Seventy-five years after Hiroshima and Nagasaki, the Bomb is in the news in August 2020. Among the many voices filling screens, airwaves, newspapers and magazines, the most compelling are those of the women and men who witnessed the bombing. They are the hibakusha. Each had a different, personal, devastating experience of the bombing and its aftermath. But they are united by at least four things—they understand the truth about weapons of mass destruction and the suffering they cause; they have the courage to recall and talk about the past in order to teach others; they are determined to deliver their plea—Never Again!—to the world; and they are united in their belief that the only way to make sure nuclear weapons are never used again is to abolish them altogether.
For many of them, now in their 80s and 90s, the path to nuclear abolition is through the Treaty on the Prohibition of Nuclear Weapons, passed by the United Nations in 2017 and on the verge of entering into force.
You can see a brief video of Setsuko Thurlow speaking at the UN on the occasion of the Treaty's passage here.
The terrible truth is that 75 years after Hiroshima and Nagasaki, nuclear weapons have not been abolished. In fact, the threat they pose to the world is greater than ever before. It is an existential threat. Even a limited exchange between India and Pakistan would kill hundreds of millions of people instantly and create the condition called nuclear winter—a loss of sunlight around the globe and a lowering of earth's temperatures leading to mass starvation.
Things aren't getting better. Right now, the United States is leading a new global nuclear arms race, investing billions and planning to invest trillions to reconstitute the massive US nuclear stockpile from the ground up—new bomb plants, new warheads, new delivery vehicles. Not surprisingly, this plan has brought a response from Russia and China who are investing to modernize their nuclear weapons, too.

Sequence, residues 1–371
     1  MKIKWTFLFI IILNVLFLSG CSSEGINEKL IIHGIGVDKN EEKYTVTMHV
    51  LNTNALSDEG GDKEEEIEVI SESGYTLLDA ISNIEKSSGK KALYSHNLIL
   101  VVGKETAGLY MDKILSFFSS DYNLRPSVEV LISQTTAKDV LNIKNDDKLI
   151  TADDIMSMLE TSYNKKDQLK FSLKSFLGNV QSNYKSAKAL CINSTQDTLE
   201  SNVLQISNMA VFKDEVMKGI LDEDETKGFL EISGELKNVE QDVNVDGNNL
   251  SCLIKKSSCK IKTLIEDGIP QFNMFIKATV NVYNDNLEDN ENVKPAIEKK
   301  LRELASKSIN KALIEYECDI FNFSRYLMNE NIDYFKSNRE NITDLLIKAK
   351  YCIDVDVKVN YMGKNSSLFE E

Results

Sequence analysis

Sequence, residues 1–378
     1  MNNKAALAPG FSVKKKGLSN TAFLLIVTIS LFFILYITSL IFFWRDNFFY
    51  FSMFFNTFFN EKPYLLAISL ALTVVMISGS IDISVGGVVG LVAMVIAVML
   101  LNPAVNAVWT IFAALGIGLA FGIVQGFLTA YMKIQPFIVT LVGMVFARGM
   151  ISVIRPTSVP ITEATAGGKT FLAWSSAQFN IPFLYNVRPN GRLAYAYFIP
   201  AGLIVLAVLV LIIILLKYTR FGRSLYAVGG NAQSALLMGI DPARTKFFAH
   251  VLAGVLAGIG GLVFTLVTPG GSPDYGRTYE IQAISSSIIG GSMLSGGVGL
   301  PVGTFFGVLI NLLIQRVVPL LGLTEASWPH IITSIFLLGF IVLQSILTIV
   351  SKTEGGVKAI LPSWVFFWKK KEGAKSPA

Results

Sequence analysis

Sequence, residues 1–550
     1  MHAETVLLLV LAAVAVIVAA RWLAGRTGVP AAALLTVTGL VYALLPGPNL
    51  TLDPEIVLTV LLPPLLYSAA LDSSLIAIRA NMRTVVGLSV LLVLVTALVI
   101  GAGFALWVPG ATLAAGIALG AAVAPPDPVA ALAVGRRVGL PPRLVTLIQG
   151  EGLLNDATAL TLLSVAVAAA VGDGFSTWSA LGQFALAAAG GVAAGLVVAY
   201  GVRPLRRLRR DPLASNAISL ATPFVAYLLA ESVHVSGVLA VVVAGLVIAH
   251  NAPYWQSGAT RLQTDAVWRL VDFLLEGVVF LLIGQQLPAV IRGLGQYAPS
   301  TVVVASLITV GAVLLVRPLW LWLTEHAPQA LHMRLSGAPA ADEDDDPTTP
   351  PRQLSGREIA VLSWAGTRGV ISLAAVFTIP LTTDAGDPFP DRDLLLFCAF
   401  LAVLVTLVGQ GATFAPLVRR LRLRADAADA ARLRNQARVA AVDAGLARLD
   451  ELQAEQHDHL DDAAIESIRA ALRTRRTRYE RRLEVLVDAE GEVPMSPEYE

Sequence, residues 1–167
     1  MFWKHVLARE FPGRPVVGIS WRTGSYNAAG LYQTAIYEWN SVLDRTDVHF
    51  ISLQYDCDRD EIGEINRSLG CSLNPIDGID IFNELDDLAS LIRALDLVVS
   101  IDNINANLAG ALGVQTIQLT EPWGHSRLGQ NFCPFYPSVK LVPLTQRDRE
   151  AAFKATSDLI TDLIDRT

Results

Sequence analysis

The current state of US plans—new bomb plants, new warheads—is outlined in the Powerpoint presentation that was made on a recent Veterans for Peace southeast zoom meeting by Ralph Hutchison of the Oak Ridge Environmental Peace Alliance. We are posting it because many of those who were on the zoom presentation asked us to.
Of all the voices being raised 75 years after the first use of nuclear weapons, the hibakusha are the most compelling. And they are also the clearest about linking the devastating suffering of the past with a different vision of the future. Setsuko Thurlow spoke at length in July of this year with the Peace Boat; they recorded the discussion and you can view it on vimeo here. The first minutes of Setsuko's comments are compelling, reminding us all of the work we have left to do.
One very simple thing everyone can do is to sign the hibakusha appeal: It is a simple statement calling on world leaders to sign the Treaty on the Prohibition of Nuclear Weapons, and you can sign it here. But signing is only the first and easiest step of the long journey we will have to take to rid the world of nuclear weapons.
If you would like to be more involved in the work of the Oak Ridge Environmental Peace Alliance, you can check out www.orepa.org; if you want to be on their listserv, send a request to firstname.lastname@example.org.
As Setsuko reminds us so eloquently, we have the power to create the world we want to live in—even to banish nuclear weapons.